Loyalty Landmines

5 Ways Your Customer Loyalty Program Can Backfire

Loyalty is a hot topic.  Rewards are everywhere.  Once the favored tactic of airlines and hotels, rewards programs, and loyalty programs in general, are now popping up in almost every conceivable business.  From small corner shops to Microsoft®, companies are realizing that customer retention needs plenty of attention.

However, most loyalty programs ultimately fail to meet their objectives.  And that’s a concern, as these programs are often comprehensive, costly to implement, and prominent.  Many of them get discontinued, but not without some pain, as dropping these announced programs requires communicating (aka admitting) to your customers and your bosses that your prize program has failed to perform.

Others change course to make the program feasible for the company’s bottom line.  Remember the high-profile structural changes by Starbucks® and Southwest Airlines® as they moved from visit-based to spend-based programs?

One thing about a comprehensive loyalty program is that there are a lot of moving parts, which means there are many ways the program can backfire and cause the marketing team a lot of headaches.  Here are five favorites to try and avoid when developing or restructuring a loyalty program:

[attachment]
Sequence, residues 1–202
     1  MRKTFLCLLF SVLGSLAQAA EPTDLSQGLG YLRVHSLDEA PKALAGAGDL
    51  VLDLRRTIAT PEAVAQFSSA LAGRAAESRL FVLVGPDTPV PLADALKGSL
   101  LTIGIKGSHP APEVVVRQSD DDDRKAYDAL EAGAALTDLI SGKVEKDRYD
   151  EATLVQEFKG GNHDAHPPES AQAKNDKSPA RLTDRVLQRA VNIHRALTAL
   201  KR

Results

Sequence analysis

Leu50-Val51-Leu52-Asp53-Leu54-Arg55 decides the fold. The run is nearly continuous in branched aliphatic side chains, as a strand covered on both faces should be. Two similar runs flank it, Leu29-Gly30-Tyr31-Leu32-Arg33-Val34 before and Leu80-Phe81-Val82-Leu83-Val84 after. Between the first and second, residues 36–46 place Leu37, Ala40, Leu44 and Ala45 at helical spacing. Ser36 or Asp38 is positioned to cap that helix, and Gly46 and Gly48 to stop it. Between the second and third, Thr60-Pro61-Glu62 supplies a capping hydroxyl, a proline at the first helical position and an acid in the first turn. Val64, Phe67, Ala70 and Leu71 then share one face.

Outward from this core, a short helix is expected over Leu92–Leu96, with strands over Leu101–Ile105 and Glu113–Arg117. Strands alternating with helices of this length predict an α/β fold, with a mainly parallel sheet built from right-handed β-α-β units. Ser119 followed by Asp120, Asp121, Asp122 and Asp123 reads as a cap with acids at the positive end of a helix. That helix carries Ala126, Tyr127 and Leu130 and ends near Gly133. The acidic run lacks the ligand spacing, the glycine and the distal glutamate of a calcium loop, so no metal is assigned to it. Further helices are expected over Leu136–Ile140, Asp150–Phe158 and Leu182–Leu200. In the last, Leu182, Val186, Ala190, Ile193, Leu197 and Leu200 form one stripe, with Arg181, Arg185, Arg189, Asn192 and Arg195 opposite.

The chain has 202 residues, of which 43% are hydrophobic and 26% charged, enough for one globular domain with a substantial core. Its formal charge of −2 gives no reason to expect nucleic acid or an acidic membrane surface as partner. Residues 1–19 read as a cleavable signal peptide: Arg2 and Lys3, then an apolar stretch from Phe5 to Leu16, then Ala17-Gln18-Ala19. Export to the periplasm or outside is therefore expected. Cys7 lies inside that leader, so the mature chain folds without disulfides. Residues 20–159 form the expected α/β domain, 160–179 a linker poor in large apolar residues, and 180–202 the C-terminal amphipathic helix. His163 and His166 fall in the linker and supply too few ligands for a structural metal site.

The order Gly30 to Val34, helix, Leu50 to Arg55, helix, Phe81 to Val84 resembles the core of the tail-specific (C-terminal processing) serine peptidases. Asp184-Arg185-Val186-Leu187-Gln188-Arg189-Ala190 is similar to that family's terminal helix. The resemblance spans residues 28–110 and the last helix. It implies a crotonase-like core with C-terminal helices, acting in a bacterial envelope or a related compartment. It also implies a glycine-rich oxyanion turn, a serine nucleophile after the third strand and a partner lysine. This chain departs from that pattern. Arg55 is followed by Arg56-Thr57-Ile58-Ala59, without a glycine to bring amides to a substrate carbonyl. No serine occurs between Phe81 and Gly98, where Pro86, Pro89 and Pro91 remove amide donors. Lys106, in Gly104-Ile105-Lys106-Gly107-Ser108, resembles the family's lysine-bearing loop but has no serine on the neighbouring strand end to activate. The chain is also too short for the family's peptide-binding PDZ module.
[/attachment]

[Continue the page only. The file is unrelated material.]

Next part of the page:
Going “too rich too early”

At its core, every loyalty program has a value exchange.  Customers and the company each give something up and get something in return.  Typically, the customer will give the company the right to track purchase and other behavior and accept promotional marketing in exchange for hard and soft benefits.  And vice versa for the company.

Going “too rich too early” means that the company provides too much value at the start of the program.  This can be either in the form of a “signing bonus” or the ongoing list of benefits of the program.

This is one of the most common mistakes companies make when designing a loyalty program. Why?  Because companies are often fearful that the program will not generate enough interest, so they try to create a value offer that’s very appealing to the customer.